“You have two speakers both of national renown in their own right on campus within two weeks of a national election and to spend a grand total of $34,500… that’s unheard of,” Derek Hall said.

With the banners down, and the press largely left, has the college turned into some liberal hot bead akin to that of the 1960’s Berkeley? No, of course not. Bush still won the election, and Utah is still largely Republican. The real victory here is the media that came to UVSC. As the old adage goes, there is no such thing as bad press. For as much bad press UVSC got, it has turned the school into a political frenzy and got students registered, and they voted. This was a real victory for UVSC, even if this broke up student government, after reports that Joe Vogel would be writing a tell all book of the Moore/Hannity controversy (Pederson).

Vogel said many people believe Hannity did a favor to the community by coming, so the travel bill is not a big deal. After all, people came, people voted, and UVSC got some national publicity. “It will eventually blow over,” Derek Hall said.

The Effects of Unintended Consequence

The law of unintended consequences, often cited but rarely defined, is that actions of people—and especially of government—always have effects that are unanticipated or “unintended.” Economists and other social scientists have heeded its power for centuries; for just as long, politicians and popular opinion have largely ignored it. How widely have its effects spread? Are they regulated only within the realms of business and economics, or can they be found even within the walls of our little Utah Valley State College campus. We shall see in this paper that its effects can be seen in markets and attitudes everywhere. ? The concept of unintended consequences is one of the building blocks of economics. Adam Smith’s “invisible hand,” the famous metaphor in social science, is an example of a positive unintended consequence. Smith maintained that each individual, seeking only his own gain, “is led by an invisible hand to promote an end which was no part of his intention,” that end being the public interest. “It is not from the benevolence of the butcher, or the baker, that we expect our dinner,” Smith wrote, “but from regard to their own self interest.”? Most often, however, the law of unintended consequences illuminates the perverse unanticipated effects of legislation and regulation. In 1692 for example, John Locke, the English philosopher and a forerunner of modern economists, urged the defeat of a parliamentary bill designed to cut the maximum permissible rate of interest from 6 percent to 4 percent. Locke argued that instead of benefiting borrowers, as intended, it would hurt them. People would find ways to circumvent the law, with the costs of circumvention borne by borrowers. To the extent the law was obeyed, Locke concluded, the chief results would be less available credit and a redistribution of income away from “widows, orphans and all those who have their estates in money.”? The first and most complete analysis of the concept of unintended consequences was done in 1936 by the American sociologist Robert K. Merton. In an influential article titled “The Unanticipated Consequences of Purposive Social Action,” Merton identified five sources of unanticipated consequences. The first two—and the most pervasive—were ignorance and error.? Merton labeled the third source the “imperious immediacy of interest.” By that he was referring to instances in which an individual wants the intended consequence of an action so much that he purposefully chooses to ignore any unintended effects. (That type of willful ignorance is very different from true ignorance.) A nation, for example, might ban abortion on moral grounds even though children born as a result of the policy may be unwanted and likely to be more dependent on the state. The unwanted children are an unintended consequence of banning abortions, but not an unforeseen one.? “Basic values” was Merton’s fourth example. The Protestant ethic of hard work and asceticism, he wrote, “paradoxically leads to its own decline through the accumulation of wealth and possessions.” His final case was the “self-defeating prediction.” Here he was referring to the instances when the public prediction of a social development proves false precisely because the prediction changes the course of history. For example, the warnings earlier in this century that population growth would lead to mass starvation helped spur scientific breakthroughs in agricultural productivity that have since made it unlikely that the gloomy prophecy will come true. Merton later developed the flip side of this idea, coining the phrase “the self-fulfilling prophecy.” In a footnote to the 1936 article, he vowed to write a book devoted to the history and analysis of unanticipated consequences. By 1991, Merton, age eighty, had produced six hundred pages of manuscript but still not completed the work.? The law of unintended consequences provides the basis for many criticisms of government programs. As the critics see it, unintended consequences can add so much to the costs of some programs that they make the programs unwise even if they achieve their stated goals. For instance, the United States has imposed quotas on imports of steel in order to protect steel companies and steelworkers from lower-priced competition. The quotas do help steel companies. But they also make less of the cheap steel available to U.S. automakers. As a result the automakers have to pay more for steel than their foreign competitors do. So policy that protects one industry from foreign competition makes it harder for another industry to compete with imports.? Similarly, Social Security has helped alleviate poverty among senior citizens. Many economists argue, however, that it has carried a cost that goes beyond the payroll taxes levied on workers and employers. Martin Feldstein and others maintain that today’s workers save less for their old age because they know they will receive Social Security checks when they retire. If Feldstein and the others are correct, it means that less savings are available, less investment takes place, and the economy, and wages grow more slowly than they would without Social Security.? The law of unintended consequences is at work always and everywhere. In 1968, for instance, Vermont outlawed roadside billboards and large signs in order to protect the state’s pastoral vistas. One unintended consequence was the appearance of large, bizarre “sculptures” adjacent to businesses. An auto dealer commissioned a twelve-foot, sixteen-ton gorilla, clutching a real Volkswagen Beetle. A carpet store is marked by a nineteen-foot genie holding aloft a rolled carpet as he emerges from a smoking teapot. Other sculptures include a horse, a rooster, and a squirrel in red suspenders.? In the wake of the Exxon Valdez oil spill in 1989, many coastal states enacted laws placing unlimited liability on tanker operators. As a result the Royal Dutch/Shell group, one of the world’s biggest oil companies, began hiring independent ships to deliver oil to the United States instead of using its own forty-six-tanker fleet. Oil specialists fretted that other reputable shippers would flee as well, rather than face such unquantifiable risk, leaving the field to fly-by-night tanker operators with leaky ships and iffy insurance. Thus, the probability of spills will increase and the likelihood of collecting damages will decrease as a consequence of the new laws.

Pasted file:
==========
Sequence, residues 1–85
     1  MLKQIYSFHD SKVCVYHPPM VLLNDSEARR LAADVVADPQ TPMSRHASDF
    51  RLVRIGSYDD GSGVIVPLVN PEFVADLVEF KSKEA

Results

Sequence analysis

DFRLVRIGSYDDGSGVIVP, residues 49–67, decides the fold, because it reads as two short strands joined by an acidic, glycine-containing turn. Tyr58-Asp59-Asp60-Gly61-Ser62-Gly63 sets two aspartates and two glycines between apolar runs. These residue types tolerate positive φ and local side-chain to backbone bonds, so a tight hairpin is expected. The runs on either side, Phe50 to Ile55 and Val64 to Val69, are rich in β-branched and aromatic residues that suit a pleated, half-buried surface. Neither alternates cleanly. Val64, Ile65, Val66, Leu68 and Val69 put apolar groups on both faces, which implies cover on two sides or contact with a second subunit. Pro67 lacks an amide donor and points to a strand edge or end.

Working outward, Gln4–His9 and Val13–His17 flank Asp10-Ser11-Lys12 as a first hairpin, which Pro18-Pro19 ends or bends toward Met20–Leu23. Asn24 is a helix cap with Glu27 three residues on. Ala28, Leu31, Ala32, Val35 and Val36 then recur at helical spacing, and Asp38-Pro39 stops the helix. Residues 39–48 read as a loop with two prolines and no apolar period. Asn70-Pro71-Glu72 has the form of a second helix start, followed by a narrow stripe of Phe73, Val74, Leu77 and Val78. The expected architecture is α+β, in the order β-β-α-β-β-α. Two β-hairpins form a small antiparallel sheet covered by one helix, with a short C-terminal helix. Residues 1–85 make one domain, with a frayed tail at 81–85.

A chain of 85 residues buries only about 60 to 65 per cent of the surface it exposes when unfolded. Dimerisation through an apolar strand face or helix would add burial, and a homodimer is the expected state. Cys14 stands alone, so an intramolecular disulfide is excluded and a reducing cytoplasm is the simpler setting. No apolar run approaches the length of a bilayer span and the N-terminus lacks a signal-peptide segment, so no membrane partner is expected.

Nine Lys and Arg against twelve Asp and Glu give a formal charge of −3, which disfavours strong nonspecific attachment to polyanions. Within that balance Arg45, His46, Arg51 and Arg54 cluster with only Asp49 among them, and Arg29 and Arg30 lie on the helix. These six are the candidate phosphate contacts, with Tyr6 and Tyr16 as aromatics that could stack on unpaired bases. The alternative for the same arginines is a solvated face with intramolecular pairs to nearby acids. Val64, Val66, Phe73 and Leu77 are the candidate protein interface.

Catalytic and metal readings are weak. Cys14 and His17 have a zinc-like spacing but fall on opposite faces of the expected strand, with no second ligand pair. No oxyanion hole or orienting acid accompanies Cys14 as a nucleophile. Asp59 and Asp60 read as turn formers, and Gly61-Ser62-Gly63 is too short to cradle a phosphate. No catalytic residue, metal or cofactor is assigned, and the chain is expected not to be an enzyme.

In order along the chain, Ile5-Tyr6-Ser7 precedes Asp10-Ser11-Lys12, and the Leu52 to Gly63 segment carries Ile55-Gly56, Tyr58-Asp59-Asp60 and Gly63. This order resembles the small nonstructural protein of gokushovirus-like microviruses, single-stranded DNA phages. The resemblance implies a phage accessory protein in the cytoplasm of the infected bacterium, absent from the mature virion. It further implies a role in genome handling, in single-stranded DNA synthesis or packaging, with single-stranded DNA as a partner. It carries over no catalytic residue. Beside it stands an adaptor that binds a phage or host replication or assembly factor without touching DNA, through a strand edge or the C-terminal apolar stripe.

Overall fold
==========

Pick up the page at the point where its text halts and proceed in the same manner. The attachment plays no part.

From a local perspective, an unintended consequence came in the form of national media exposure to a certain Utah State College. After inviting Michael Moore to come and speak at Utah Valley State College, the quiet town of Orem, and surrounding Utah County turned into an uproar as this left-wing liberal descended upon their community. The original plan was to have two mainstream political voices speak on campus. The result was hate mail, death threats, and pending lawsuits. V.P. of Academics, Joe Vogel thought that it would be good to bring these speakers to show the a spectrum of politics to a predominantly Republican community. The unintended consequence lies in the national media attention that was brought with the speaker. As word spread, the little state school in Utah grew also. Urging potential applicants and already enrolled students and faculty to “Go Green” the school smiled in the face of the opposition. As a new marketing campaign unveiled, school administration and student government welcomed and relished the attention that the keynote speakers were bringing. It is hard to decide if Kay Anderson, the local citizen who opened a lawsuit against the school for misappropriating funds, was angry with the school, or just wanted to bring more attention to the school, and make the visit of Moore a little more captivating for the national media. Whatever the case, there were and still are unintended consequences of the Moore visit, including an Ethics forum this week. This will be led by the new V.P. of Academics Leland Page who filled the position after Joe Vogel was asked to step down by Jim Bassi, ASUVSC President, and Brook Arnell, V.P. of Clubs and Organizations. This after announcing a new tell all book that he is writing.

So we see that the law of unintended consequence has its effects in many forms.